While traditionally we churn cream for the butter, it turns out that buttermilk is actual the real gem of cream churning - buttermilk adds a unique tasty tang & tenderness to baked products not otherwise possible. Buttermilk WILL take your baking from good to great.
Buttermilk is a leftover product from butter production. Then churning cream from milk, the cream will first develop into the wellknown whipped cream and then with further churning split apart into butter & buttermilk.
In the picture after whipping the cream, the fat butter is mostly trapped in the whisk, while the liquid buttermilk is left at the bottom of the bowl.
Buttermilk is low in fat, contains most of the protein originally in the milk and ferments naturally into a thick & tangy cream AND because if it's acidity (quelling bacterial growth) easily stores in the fridge for at least a week.
It seems that these days then you buy buttermilk in the supermarked that it is a cultured version created by lactococcus lactis inoculated milk simulating the naturally created buttermilk. The version should be thicker and taste more tart, however it is VERY easy to make it yourself AND at the same time you will get the best butter.
Baking soda lift dough or batter the same way as yeast by producing carbon dioxide, however to start productin carbon dioxide baking soda must react with an acidic ingredient. If there are not enough acids in the batter, the final result will taste bitter or soapy. Buttermilk is acidic and by replacing half the milk in a recipe, it is guaranteed that there are enough acid to both create the lift and to avoid bad taste of non-reacted baking soda.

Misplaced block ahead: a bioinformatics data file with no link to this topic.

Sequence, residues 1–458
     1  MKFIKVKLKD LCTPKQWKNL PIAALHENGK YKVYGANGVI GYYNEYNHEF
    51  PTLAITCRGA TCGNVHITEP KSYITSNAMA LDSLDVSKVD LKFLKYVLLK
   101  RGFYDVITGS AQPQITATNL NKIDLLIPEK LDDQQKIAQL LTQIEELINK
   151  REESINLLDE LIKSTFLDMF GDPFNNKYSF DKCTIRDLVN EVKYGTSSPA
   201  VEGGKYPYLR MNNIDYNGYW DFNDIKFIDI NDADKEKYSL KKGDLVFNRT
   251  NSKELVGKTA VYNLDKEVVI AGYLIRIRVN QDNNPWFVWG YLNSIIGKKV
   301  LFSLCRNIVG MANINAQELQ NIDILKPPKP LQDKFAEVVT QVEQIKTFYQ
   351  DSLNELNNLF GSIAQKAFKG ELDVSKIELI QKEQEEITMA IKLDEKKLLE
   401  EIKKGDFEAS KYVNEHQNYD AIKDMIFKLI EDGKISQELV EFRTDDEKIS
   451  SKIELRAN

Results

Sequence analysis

Note that baking powder already contains enough acids and buttermilk will therefore have none of these effects.
Baked goods browns more readily in alkaline environments and since buttermilk is acidic, it helps avoiding browning. This effect is especially helpful in sugary cookies that often browns too fast.
I like my buttermilk blueberry cake better then it is on the heavy side, however if you like your cakes with a more light and airy consistency, you can double the amount of baking powder from 1 to 2 teaspoons.
Blueberry scones :
The raw scone dough can be frozen and then thawed in the fridge the night before baking.
Charlie Sims from Sourdough Facebook group.
Frozen butter hand grated on a box grater. Do not overwork the dough. Dry ingredients first, then add the shredded frozen butter. Fluff it as round so the butter is not clumped and is well coated. Tyen add the sourdough in and get it together as a loose dough with as little stirring or pulling as possible.
Spread it out to about 1/2" and fold. Roll it to about 5/8", fold. Roll it to 5/8", fold. Roll it to 3/4, fold. Roll it to 3/4"
Use a bery sharp or thin biscuit cutter so it cuts and doesnt press the dough (this is key to having layers split in the oven). The first ones are always going to be the best ones. As you scrape the dough back together to get more, dont work it too hard. Just squish it and pat it. And cut some more. By the thord round just form that one into a glob of biscuit and be done.
Put them on your sheet. I use an air bake pan with parchment for best results.
Press a divot into the top. Thus is also key for the separation on the sides. Bake at 425 for 20-25 minutes.
If you are doing a sweeter biscuit for jam or honey, brush with buttermilk or half n half and sprinkle turbinado sugar on it.
Pancakes with baking powder will make the pancakes more delicius and taller
Ranch dressing: Whisk 1 cup buttermilk with 2/3cup mayonnaise, 2 teaspoons Dijon mustard, 1 tsp. minced garlic, and 1 Tbs. each of minced fresh dill, minced fresh parsley, and grated onion. Season to taste with salt and pepper.